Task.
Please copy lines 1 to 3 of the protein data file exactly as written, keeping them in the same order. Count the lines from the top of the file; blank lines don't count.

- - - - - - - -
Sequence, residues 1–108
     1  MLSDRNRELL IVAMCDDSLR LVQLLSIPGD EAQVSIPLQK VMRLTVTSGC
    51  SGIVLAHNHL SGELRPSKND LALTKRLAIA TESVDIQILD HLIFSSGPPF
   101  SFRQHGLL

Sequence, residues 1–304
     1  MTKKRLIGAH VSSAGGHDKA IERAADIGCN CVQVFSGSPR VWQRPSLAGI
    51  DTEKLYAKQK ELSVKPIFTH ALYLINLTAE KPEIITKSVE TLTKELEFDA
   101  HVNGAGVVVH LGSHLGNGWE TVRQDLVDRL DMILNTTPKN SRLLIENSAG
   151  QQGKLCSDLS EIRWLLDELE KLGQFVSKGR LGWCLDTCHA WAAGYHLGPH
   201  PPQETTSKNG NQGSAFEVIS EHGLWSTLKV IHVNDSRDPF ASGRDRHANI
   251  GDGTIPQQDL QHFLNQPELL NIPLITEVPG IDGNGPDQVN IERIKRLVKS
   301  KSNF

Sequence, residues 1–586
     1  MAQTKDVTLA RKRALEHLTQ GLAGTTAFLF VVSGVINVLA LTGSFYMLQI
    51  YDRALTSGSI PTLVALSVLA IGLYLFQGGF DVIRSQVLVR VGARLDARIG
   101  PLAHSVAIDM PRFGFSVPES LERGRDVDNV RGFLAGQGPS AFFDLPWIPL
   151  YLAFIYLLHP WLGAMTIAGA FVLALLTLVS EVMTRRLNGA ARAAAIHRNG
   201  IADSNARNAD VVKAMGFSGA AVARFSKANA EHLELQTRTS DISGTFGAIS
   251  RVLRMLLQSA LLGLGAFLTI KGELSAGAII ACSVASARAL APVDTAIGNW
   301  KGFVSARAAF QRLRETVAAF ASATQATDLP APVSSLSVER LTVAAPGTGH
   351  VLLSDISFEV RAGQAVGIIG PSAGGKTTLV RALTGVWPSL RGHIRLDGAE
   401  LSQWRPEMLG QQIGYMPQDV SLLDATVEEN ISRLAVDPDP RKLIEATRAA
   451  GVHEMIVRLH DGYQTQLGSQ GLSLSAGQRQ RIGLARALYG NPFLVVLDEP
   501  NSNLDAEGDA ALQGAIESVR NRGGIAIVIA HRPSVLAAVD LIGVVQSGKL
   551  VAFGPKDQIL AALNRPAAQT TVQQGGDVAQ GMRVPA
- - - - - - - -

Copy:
Sequence, residues 1–108
     1  MLSDRNRELL IVAMCDDSLR LVQLLSIPGD EAQVSIPLQK VMRLTVTSGC
    51  SGIVLAHNHL SGELRPSKND LALTKRLAIA TESVDIQILD HLIFSSGPPF